Clinicopathologic analysis of atypical hand, foot, and mouth disease in adult patients

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Hand, foot, and mouth disease is a contagious viral infection usually affecting children. A resurgence of cases in adults, mainly caused by coxsackievirus A6 and with an atypical and more severe presentation, has taken place.


The goal was to examine the clinical, histologic, and immunohistochemical features of this disease in adults.


This is a retrospective study on documented cases of adult hand, foot, and mouth disease from France’s Dermatology Department of Strasbourg University Hospital and Bel-Air Hospital in Thionville.


Six patients with severe and atypical presentation were included, 4 caused by coxsackievirus A6. The histologic features were: spongiosis, neutrophilic exocytosis, massive keratinocyte necrosis, shadow cells in the upper epidermis, vacuolization of basal cells, necrotic cells in follicles and sweat glands, dense superficial dermal infiltrate of CD3+ lymphocytes, and strong granulysin expression.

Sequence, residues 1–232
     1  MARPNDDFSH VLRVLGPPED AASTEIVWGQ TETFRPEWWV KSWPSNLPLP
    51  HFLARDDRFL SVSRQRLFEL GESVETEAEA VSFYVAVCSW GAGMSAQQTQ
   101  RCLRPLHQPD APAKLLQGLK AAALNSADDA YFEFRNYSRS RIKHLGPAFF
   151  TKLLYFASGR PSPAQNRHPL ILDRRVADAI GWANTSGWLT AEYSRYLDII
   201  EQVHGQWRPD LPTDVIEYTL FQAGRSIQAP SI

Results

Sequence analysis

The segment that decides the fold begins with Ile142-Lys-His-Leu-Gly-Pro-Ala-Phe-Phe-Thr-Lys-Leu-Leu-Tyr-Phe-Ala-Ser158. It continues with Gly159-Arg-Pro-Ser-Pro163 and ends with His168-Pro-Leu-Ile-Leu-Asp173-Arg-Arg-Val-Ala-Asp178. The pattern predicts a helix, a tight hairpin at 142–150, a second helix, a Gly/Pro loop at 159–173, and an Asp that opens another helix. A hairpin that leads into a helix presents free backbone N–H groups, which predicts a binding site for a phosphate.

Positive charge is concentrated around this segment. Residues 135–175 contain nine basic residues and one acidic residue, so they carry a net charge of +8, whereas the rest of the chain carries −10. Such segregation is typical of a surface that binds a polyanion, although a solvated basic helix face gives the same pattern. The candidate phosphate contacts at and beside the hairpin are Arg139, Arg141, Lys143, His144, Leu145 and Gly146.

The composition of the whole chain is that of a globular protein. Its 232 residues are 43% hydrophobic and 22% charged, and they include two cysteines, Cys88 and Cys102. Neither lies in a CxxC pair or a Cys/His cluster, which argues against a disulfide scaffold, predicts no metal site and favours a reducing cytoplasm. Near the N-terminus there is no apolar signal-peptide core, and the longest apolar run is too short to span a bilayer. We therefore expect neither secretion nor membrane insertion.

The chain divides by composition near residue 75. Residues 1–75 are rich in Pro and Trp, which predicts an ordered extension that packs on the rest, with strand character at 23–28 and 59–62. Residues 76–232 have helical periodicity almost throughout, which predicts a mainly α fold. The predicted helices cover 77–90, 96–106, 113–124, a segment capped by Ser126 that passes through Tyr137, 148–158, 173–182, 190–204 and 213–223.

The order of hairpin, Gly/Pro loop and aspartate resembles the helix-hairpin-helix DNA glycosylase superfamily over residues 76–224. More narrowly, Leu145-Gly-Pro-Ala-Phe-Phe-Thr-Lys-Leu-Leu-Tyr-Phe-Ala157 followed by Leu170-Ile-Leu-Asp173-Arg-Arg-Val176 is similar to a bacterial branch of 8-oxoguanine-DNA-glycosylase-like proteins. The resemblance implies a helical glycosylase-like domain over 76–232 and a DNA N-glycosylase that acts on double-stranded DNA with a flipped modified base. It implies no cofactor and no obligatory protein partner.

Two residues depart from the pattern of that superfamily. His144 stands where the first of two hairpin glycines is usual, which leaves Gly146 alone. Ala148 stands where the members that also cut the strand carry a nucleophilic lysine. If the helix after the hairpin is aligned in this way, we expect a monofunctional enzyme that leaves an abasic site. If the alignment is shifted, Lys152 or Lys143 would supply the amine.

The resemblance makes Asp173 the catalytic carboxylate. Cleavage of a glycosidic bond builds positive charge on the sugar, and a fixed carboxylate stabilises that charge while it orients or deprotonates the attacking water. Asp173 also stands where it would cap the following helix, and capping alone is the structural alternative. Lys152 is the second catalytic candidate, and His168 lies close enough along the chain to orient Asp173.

This is a retrospective case series.


In adult patients presenting with atypical hand, foot, and mouth disease caused by coxsackievirus A6, biopsy specimens show distinctive changes in the epidermis but also in adnexal structures. The inflammatory infiltrate is made of T cells with a cytotoxic profile, with numerous granulysin-positive cells, as observed in severe drug-induced eruption with necrosis of keratinocytes.

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